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Using Respondent-Driven Sampling to Better Support Patients With ME

660 Participants via RDS
72% Met the ME case definition
65% With ME are undiagnosed

Introduction

The Difficulties Associated with Diagnosing ME 

Myalgic encephalomyelitis, otherwise referred to as ME, is a long-term condition, classified as a disorder of the nervous system (World Health Organization code G93.3). ME is a debilitating and complex medical condition characterized by disabling fatigue, and post-exertional malaise (PEM); where symptoms worsen after minor physical or mental exertion. 

The illness has no clear mechanisms and no clinical biomarker for simple detection. This has led to disagreements over the validity of case definition criteria (the diagnostic criteria to define a condition) and no universally trusted approach for diagnosing the disease. 

This presents two major challenges. Firstly, public health and welfare bodies have little at their disposal to determine when to provide support and disability statuses for patients with ME, and what types of interventions patients are likely to benefit from. Secondly, this uncertainty makes the diagnostic process long and complex. It can take between 4-6 years for a definitive conclusion to be reached for an individual patient. 

As there is no clinical biomarker for the disease, existing diagnostic criteria have been developed mostly through the consensus of medical experts. This has generated concerns around the representativity of some patients’ experiences amongst the research and media communities. Further complicating this is the stigma associated with the condition, with some practitioners reluctant to diagnose it and some patients not wanting to be labelled as suffering with it.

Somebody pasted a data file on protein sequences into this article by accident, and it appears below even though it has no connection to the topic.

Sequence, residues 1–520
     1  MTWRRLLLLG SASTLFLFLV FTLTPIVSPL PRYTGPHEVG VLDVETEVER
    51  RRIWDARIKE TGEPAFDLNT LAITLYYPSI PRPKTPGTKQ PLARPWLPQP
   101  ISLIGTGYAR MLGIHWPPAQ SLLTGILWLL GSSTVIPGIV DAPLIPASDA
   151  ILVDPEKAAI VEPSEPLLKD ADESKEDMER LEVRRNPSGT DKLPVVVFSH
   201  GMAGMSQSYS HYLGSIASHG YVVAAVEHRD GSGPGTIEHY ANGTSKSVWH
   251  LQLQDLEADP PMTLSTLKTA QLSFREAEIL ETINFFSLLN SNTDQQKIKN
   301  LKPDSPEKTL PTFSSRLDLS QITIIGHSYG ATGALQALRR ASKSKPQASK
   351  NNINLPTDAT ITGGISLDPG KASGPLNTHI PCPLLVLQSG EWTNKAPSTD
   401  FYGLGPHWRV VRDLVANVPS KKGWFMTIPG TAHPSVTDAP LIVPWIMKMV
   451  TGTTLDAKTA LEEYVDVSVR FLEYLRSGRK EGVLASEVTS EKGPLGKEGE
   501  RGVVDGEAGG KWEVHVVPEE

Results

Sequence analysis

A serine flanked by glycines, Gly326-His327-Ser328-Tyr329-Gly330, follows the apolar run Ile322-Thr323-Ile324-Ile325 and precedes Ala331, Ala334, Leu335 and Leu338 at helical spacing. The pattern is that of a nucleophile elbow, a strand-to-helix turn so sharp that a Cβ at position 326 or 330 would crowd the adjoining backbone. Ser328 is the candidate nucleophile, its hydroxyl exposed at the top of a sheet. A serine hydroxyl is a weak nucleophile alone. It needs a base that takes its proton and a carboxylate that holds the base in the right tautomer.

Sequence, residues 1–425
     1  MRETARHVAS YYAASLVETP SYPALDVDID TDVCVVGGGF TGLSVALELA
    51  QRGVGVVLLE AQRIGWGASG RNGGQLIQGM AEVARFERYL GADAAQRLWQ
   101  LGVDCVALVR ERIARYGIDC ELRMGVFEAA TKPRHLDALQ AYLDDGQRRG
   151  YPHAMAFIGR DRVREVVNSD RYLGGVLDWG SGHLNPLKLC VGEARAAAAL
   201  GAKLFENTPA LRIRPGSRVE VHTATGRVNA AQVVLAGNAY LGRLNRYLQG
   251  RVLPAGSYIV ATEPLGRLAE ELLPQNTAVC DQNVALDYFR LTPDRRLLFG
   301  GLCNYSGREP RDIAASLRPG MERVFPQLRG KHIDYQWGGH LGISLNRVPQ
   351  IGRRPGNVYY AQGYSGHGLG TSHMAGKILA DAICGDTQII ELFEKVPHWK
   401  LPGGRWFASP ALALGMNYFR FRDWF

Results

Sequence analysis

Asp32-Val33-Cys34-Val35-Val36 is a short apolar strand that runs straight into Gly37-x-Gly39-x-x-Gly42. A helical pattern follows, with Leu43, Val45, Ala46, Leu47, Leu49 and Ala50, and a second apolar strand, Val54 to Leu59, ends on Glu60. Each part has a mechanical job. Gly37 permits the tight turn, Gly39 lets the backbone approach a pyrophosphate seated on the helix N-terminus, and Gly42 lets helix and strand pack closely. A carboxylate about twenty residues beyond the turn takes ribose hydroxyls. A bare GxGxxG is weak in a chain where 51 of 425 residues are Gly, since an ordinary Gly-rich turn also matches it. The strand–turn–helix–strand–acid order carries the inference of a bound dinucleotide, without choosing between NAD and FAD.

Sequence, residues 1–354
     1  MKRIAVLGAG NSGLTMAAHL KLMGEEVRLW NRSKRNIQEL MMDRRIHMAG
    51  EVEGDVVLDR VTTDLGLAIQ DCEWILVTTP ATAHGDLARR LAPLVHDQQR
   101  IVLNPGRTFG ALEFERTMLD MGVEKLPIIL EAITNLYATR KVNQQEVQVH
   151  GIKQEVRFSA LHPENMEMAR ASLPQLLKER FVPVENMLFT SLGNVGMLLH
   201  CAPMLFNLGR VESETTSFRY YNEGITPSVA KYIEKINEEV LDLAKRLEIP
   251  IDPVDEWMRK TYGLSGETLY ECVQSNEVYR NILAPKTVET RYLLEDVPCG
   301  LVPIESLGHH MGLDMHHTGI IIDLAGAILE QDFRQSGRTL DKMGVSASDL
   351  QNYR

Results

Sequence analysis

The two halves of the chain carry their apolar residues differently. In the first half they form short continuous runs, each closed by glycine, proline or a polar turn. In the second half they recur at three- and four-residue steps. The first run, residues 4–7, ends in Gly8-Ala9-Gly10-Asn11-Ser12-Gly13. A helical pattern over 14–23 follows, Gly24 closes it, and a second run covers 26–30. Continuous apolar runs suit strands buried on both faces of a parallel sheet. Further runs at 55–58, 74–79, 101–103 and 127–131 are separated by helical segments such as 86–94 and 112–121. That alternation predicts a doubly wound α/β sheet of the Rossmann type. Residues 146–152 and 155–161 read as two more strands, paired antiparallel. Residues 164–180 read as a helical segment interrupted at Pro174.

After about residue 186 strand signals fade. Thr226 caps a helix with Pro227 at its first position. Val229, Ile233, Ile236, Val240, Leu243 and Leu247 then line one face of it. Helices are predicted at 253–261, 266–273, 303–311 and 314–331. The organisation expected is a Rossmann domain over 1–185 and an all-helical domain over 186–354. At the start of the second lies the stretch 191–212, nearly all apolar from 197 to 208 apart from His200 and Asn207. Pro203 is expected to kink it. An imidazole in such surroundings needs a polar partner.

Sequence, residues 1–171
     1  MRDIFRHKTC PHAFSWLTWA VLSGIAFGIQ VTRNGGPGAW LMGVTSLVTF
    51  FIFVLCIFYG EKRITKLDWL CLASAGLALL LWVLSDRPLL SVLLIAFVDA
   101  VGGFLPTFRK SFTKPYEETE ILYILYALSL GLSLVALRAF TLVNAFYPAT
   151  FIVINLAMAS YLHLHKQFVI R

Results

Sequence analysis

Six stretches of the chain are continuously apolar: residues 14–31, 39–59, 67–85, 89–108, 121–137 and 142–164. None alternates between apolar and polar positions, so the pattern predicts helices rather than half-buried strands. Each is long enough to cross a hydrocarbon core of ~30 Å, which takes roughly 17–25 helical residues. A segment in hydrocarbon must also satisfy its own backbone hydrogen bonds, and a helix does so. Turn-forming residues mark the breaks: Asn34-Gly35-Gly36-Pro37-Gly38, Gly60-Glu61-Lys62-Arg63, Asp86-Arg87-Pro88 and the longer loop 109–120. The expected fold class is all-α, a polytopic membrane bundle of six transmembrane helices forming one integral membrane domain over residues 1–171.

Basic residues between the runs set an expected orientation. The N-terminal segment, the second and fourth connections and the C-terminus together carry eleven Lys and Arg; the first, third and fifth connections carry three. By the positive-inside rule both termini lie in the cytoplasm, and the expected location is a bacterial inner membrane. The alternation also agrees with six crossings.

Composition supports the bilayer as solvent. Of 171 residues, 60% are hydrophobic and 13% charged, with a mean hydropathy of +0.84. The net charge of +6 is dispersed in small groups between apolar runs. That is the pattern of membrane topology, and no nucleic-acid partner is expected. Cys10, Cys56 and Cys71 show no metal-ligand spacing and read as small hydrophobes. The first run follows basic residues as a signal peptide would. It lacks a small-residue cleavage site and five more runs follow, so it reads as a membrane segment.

Without the perspective of individuals living with ME, the hypothesis is that large numbers of sufferers go undiagnosed. In the US, undiagnosed patients have been estimated to be as high as 83% of those living with the disease.

The Fafo Research Foundation is a renowned Norwegian research institute that conducts social research both in Norway and internationally. For its latest project, Fafo wished to use its expertise to address the issues surrounding ME, in terms of both the identification of the disease and understanding it from the patients’ perspective.

A Different Approach to Identifying ME patients

One criterion that has become a critical point in diagnosing ME is PEM. In the Revised Canadian Clinical Case (CCC) Definition, PEM is mandatory making it a strong candidate to be the golden standard for diagnosis and research. 

However, there is no sampling frame for this case definition. Researchers may be provided with a list of people with a G93.3 diagnosis but it is known that:

  • Getting access to this type of personal data from patient registers takes time (assuming you get approval), due to ever-evolving GDPR. The use of health-register generated address lists has already had a knock-on effect to response rates. 
  • There is underdiagnosis of ME patients with G93.3, particularly against the socially disadvantaged.
  • The diagnostic process is slow, presenting a bias against new cases.
  • The diagnosis of ME is not always given in accordance with the CCC. 

This is why the experts at Fafo decided to trial respondent-driven sampling (RDS) – to address these challenges, as it was developed to produce unbiased samples from populations without clear sampling frames.  

RDS mimics a ‘random walk through a respondent’s social networks’. It combines snowball sampling, where respondents recruit participants, with mathematical modelling, to apply RDS estimators that offset the non-random method.

Although the natural assumption would be that such a method would introduce a sampling bias, studies have shown a convergence towards an ‘equilibrium’ as the network widens and becomes representative of the target population. In addition, RDS statistical tools generate estimators to counter bias derived from in-group recruitment and increased recruitment probabilities, resulting from having large social networks. 

RDS also restricts access for the most active online patients, as people participate out of a social obligation to the acquaintance that recruited them.